Presentation on theme: "Politics in Russia Political Parties and Elections."— Presentation transcript:
Politics in Russia Political Parties and Elections
Important political change Democratization of political system –introduction of competitive elections –shift from a single-party system to a multiparty system
Transformation of party system Communist Party of Soviet Union used to dominate state and social institutions –no competition for political office –no mechanism to ensure accountability –party authority couldn’t be openly questioned confusing array of political organizations have run candidates in elections since ’93
New political parties government efforts at tightening the conditions for party formation and registration –effect on small parties –effect on party coalitions suppress democratic representation? bring order to a chaotic and fragmented party structure?
Russian political parties generally form around a prominent individual are generally associated with prominent political figures –increased political fragmentation do not have a firm social base or stable constituency a major cleavage: economic policy
4 main categories of parties reformist parties –democracy and market centrist parties –“parties of power” communist parties –Communist Party of the Russian Federation nationalist parties –Liberal Democratic Party of Russia
Reformist parties liberal democracy –dismantle political framework of socialism –guarantee individual freedom –rule of law market economy –open and free market –property rights Union of Right Forces and Yabloko
Communist Party of the R.F.
Major successor party to the CPSU –oppose radical market reforms –oppose privatization programs –oppose Western influence most party-like of all parties –substantial organizational base –well-defined electoral following –large (but old) membership (~ 500,000)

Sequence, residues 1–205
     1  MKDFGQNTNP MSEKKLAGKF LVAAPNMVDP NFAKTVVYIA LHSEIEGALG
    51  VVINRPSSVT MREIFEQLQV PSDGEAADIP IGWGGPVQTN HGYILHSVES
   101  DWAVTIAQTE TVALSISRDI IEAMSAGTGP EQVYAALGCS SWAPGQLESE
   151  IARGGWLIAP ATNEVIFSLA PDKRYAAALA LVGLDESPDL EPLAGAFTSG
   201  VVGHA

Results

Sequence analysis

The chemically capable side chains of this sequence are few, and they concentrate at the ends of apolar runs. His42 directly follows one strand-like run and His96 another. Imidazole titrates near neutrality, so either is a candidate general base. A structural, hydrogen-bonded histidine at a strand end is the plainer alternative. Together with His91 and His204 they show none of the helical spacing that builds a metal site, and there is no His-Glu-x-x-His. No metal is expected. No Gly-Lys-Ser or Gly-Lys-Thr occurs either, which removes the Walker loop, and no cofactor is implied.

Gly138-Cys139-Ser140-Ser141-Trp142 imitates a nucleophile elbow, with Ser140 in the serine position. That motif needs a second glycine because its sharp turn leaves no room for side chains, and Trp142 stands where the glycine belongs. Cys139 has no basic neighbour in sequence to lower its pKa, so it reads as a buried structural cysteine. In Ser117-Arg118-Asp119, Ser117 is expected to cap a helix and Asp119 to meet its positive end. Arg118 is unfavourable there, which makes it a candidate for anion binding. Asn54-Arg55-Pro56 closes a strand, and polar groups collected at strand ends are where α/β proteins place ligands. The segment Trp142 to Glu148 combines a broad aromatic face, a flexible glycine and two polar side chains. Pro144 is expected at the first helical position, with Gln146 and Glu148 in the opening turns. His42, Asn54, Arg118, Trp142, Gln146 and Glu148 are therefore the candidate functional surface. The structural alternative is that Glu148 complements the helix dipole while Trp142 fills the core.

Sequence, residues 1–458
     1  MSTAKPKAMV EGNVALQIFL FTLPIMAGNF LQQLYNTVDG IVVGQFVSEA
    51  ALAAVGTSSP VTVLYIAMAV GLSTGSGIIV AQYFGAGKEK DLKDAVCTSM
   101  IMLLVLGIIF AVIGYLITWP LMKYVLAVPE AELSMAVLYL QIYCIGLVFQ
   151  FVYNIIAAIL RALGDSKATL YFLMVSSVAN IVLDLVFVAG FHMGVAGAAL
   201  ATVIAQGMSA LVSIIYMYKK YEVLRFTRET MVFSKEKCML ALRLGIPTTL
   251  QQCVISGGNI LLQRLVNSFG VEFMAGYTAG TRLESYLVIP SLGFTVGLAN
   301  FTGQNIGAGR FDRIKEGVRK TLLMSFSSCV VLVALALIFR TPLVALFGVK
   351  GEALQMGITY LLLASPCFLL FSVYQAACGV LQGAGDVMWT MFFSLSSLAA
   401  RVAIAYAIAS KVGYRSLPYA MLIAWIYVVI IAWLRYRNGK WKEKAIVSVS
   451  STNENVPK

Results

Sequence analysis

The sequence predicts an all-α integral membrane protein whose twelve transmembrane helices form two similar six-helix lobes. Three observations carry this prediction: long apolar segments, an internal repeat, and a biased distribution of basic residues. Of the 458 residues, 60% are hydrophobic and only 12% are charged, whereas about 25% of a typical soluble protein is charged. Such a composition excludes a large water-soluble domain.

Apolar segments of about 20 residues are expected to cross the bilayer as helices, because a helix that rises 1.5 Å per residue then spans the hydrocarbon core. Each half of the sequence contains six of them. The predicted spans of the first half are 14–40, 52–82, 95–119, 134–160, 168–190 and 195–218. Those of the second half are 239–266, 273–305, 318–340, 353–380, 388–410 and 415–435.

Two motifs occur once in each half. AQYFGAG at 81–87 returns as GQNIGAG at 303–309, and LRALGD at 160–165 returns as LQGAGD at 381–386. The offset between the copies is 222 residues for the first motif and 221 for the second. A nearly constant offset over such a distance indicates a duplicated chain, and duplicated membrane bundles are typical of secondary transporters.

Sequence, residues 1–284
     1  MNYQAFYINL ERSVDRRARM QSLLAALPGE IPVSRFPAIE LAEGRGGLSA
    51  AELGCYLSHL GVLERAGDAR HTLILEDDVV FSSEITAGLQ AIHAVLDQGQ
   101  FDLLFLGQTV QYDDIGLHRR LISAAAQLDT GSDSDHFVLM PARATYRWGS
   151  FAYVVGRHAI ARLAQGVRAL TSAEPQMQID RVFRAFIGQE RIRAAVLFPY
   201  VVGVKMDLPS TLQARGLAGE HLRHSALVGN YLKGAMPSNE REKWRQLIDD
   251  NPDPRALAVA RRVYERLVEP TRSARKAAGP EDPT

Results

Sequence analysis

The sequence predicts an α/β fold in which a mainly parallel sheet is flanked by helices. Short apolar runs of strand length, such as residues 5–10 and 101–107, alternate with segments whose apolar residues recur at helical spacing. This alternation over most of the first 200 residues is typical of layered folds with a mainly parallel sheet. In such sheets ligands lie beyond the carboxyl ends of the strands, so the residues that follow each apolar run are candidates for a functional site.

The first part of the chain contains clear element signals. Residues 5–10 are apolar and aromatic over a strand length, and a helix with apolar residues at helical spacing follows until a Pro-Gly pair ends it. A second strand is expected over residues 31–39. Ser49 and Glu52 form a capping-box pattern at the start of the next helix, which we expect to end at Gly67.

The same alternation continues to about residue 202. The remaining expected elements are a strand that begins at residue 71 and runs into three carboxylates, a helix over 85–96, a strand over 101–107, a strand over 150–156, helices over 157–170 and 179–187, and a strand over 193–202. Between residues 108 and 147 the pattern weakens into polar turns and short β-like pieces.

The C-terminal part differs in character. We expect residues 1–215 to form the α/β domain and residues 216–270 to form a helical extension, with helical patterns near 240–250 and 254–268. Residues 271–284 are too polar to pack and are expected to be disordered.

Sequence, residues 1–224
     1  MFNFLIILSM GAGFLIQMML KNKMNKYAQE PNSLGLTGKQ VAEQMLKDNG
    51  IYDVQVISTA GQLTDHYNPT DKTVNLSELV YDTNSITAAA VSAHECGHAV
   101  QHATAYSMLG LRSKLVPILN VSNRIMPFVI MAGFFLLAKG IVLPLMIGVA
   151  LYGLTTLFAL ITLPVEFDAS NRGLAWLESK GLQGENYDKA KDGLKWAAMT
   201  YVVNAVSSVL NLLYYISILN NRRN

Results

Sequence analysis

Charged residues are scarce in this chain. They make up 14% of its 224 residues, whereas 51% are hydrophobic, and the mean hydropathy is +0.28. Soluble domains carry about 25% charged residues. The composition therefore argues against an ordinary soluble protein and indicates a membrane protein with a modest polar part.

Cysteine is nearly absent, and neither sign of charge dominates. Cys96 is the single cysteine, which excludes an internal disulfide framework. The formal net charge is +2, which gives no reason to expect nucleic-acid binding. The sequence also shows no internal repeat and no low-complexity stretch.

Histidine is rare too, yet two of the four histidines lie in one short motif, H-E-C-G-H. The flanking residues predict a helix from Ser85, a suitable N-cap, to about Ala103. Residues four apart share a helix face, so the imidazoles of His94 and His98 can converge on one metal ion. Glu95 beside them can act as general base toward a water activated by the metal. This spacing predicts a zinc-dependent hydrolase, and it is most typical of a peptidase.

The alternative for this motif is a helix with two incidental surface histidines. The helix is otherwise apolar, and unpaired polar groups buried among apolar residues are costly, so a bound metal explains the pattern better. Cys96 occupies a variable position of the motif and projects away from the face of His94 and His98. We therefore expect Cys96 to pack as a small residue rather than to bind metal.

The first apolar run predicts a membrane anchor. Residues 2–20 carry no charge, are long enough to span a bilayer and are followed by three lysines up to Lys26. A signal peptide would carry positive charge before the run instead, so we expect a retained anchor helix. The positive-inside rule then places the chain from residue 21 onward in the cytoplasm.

Communist Party of the R.F. CPRF –rather stable electoral share –but unlikely to win parliamentary majority or presidency CPRF leader Zyuganov –1996 and 2000 presidential elections
Yeltsin campaign in 1996 Public opinion polls –24% supported Zyuganov –8% supported Yeltsin
Economic reforms Macro-economic stabilization –structural adjustment cut state spending increase taxation end price controls open trade –“shock therapy” all “shock” but no “therapy” Privatization
Centrist parties: a paradox Surveys indicate that voters would favor policies and values at the political center –e.g. social democratic party but no one has succeeded in creating a major, lasting centrist party –social welfare state –political freedoms –private property rights
Centrist “parties of power” Our Home is Russia ( ) –pro-government –centrist –moderately reformist –then Prime Minister headed it –never succeeded in defining a clear program –became a coalition of officeholders
Unity (“United Russia”) Formed 3 months before 1999 election active assistance from –then President Yeltsin –then Prime Minister Vladimir Putin received 23.3% of the vote in 1999
Power transition in State Duma tried to impeach President Yeltsin but didn’t gather enough votes Yeltsin announced that he would resign Presidential election Vladimir Putin
“parties of power” Parties depend on official support avoid building independent bases of organizational support policy positions are vague vanish when the major sponsors lose power Unity would disintegrate if President Putin were to lose power or popular support
Social bases of party support
Electoral rules for State Duma Similar to Germany’s hybrid system each voter has 2 votes –1 for a candidate for that district’s seat –1 for a registered party on the party list half of Duma (225 seats) elected from single-member districts half of Duma (225 seats) selected by parties according to vote share (> 5%)
1999 State Duma election
Pro-government majority President Putin and his government could generally count on majority support pro-government deputies depend on the Kremlin for political support little effect on the makeup of government –administrators with no partisan affiliation –almost none were drawn from parliament
Putin and Stability Popular and effective politician Has strengthened institutions despite lingering social economic problems Has built up the power of the Kremlin and other parts of the central government Has undermined aspects of democracy without removing basic freedoms or eliminating competitive elections.